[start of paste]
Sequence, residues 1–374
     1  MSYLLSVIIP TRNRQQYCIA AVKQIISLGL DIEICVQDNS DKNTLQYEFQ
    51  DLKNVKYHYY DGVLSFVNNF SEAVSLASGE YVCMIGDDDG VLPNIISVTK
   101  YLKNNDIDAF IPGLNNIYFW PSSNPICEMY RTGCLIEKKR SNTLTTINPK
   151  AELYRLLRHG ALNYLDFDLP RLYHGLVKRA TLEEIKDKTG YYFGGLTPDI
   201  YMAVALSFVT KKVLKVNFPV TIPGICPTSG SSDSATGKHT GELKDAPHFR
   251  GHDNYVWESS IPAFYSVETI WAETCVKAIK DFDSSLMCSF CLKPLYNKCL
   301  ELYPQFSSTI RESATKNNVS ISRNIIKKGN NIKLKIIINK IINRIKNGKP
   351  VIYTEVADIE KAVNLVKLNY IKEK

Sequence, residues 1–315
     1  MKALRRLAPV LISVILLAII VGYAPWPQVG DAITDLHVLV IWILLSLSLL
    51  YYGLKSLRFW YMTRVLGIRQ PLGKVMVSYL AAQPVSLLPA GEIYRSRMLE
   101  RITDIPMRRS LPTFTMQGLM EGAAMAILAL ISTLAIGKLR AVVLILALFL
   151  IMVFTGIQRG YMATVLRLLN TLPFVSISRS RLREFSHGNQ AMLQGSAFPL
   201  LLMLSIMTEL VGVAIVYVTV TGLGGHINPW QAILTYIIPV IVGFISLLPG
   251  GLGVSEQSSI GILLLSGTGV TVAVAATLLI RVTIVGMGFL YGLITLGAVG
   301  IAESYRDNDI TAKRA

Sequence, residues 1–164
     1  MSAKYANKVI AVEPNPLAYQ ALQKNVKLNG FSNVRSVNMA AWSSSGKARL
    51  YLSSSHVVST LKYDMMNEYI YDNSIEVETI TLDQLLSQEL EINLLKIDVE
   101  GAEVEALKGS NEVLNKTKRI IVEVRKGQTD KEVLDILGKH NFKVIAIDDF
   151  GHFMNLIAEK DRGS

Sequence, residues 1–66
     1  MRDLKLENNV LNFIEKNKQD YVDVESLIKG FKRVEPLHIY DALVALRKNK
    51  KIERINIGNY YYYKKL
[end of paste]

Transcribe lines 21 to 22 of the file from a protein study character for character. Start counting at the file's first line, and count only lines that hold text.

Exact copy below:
   101  GAEVEALKGS NEVLNKTKRI IVEVRKGQTD KEVLDILGKH NFKVIAIDDF
   151  GHFMNLIAEK DRGS